This may not seem like the newest idea in the book — being frank about sex and gender — but these bands are building on these well-tread concepts, evolving them. Wales’s Joanna Gruesome, for example, takes a page out of the riot grrrl bible, although she never subscribes to the ideology: They’ll take the empowerment but not the “antiquated” terminology. To compare any of these acts to the riot grrrl movement of old is lazy, but not wholly inaccurate. This is a new form of feminism, and it’s fucking cool.
Syracuse’s Perfect Pussy are another example, having only officially released a four-song demo, the fantastically titled, I Have Lost All Desire For Feeling. The best song is the first one, titled, “l.” It’s a cuttingly candid look at frontwoman Meredith Graves’s relationship with a friend: “Her eyes fell low and heavy with shame and cum / She must have been desperate; she acted so lonely,” she sings, before coming to terms with the experience, “I am full of light / I am filled with joy / I am full of peace / I had this dream that I forgave my enemies.”
In a recent Pitchfork Rising feature, writer Evan Minsker asked Graves why the song is untitled, to which she replied, “What am I going to call it? ’Song About How My Best Friend Blew My Boyfriend the Day After We Broke Up?'” In a sentence: these women don’t need saving. They can handle their emotions all on their own.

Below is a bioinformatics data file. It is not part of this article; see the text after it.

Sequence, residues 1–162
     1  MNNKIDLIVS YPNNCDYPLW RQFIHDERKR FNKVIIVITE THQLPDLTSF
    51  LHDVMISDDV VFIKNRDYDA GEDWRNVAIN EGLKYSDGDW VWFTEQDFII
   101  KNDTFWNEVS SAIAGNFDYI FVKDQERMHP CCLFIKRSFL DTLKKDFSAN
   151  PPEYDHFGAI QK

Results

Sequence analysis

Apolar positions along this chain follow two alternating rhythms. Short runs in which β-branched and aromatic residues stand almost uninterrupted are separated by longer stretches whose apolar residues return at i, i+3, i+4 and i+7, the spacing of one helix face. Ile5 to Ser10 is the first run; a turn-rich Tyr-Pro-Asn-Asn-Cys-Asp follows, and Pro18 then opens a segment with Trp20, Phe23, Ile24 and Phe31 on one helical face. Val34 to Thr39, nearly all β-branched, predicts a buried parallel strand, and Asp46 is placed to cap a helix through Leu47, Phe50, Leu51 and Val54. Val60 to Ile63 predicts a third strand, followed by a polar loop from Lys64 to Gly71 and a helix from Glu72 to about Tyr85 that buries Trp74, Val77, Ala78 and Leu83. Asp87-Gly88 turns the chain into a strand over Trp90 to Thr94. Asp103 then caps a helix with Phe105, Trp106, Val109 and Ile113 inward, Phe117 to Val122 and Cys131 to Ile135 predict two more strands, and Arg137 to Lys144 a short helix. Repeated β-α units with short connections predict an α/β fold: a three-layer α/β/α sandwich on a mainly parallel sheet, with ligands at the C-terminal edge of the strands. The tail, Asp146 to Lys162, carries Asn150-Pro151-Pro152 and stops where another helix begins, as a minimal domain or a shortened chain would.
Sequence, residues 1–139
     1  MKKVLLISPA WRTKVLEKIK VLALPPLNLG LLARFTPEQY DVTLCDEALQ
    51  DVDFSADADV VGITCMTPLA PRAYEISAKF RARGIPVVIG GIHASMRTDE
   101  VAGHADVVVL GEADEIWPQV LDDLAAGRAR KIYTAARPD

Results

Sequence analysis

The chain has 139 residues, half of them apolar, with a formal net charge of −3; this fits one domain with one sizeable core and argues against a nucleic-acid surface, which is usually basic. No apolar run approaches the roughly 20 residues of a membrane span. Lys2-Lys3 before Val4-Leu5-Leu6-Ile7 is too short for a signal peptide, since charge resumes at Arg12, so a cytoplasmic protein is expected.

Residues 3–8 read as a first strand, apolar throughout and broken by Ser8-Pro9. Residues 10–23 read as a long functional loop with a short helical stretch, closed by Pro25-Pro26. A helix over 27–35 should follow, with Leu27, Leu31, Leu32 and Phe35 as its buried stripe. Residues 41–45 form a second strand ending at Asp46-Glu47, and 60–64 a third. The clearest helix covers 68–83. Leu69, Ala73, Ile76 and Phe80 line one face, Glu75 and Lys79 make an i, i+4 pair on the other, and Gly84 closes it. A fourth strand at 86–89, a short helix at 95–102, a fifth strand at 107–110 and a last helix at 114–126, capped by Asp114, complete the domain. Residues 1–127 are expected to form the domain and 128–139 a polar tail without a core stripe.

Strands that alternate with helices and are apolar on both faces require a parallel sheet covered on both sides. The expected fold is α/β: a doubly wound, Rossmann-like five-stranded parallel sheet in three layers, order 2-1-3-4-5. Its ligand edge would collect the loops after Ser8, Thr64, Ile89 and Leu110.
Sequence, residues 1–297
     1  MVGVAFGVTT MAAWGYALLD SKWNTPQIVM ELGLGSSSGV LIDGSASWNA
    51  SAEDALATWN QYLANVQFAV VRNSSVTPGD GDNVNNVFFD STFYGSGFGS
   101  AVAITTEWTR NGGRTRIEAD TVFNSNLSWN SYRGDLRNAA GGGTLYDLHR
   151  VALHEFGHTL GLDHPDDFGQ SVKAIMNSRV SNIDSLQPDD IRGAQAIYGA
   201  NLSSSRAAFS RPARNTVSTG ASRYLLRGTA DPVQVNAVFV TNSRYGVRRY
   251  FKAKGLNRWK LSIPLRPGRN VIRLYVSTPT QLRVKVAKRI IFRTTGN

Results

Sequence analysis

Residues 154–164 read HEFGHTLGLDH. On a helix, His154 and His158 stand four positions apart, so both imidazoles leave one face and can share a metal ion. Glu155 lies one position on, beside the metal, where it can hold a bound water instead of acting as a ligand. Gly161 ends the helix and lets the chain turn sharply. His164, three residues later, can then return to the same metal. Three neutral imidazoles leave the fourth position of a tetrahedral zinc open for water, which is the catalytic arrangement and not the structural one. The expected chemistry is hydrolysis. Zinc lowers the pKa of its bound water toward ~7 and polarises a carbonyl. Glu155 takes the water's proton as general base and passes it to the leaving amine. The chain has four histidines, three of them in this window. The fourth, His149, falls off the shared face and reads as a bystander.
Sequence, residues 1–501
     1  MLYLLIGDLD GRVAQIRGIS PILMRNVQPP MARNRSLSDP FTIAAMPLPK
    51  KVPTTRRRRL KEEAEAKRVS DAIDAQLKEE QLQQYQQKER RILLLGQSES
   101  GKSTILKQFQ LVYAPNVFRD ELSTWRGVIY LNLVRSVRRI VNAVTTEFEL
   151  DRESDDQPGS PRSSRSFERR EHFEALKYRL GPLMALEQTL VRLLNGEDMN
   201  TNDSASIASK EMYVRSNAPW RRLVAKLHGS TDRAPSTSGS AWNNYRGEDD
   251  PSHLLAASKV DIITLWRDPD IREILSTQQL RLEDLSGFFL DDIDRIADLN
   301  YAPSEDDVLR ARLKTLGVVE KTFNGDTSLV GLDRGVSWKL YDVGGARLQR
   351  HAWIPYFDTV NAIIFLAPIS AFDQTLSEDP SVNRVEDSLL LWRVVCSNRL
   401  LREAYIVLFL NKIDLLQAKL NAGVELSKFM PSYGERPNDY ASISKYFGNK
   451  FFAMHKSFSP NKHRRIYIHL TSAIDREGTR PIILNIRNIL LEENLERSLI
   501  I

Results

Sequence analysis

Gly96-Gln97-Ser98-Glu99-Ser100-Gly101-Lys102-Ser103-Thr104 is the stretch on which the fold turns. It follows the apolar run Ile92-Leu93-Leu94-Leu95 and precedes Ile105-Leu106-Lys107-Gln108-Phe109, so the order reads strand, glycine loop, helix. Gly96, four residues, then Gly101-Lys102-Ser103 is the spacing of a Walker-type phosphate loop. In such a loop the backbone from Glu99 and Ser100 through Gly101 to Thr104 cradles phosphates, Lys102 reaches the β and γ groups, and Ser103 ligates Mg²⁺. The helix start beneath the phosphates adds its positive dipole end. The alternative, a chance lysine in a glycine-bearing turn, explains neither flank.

There is one very real exception to this revelation — that the women are breaking into the genre and making it wholly their own. Like the male-fronted pop punk movement before it, these bands default on a personal ideology instead of a political one (though the personal as political notion is no stretch). But by doing so, and by doing it well, the listener is free to relate to music in his or her own way. This is the freedom of this music: You don’t have to care if you’re too young to be unhappy, but hopefully you’re inspired to learn why you feel that way.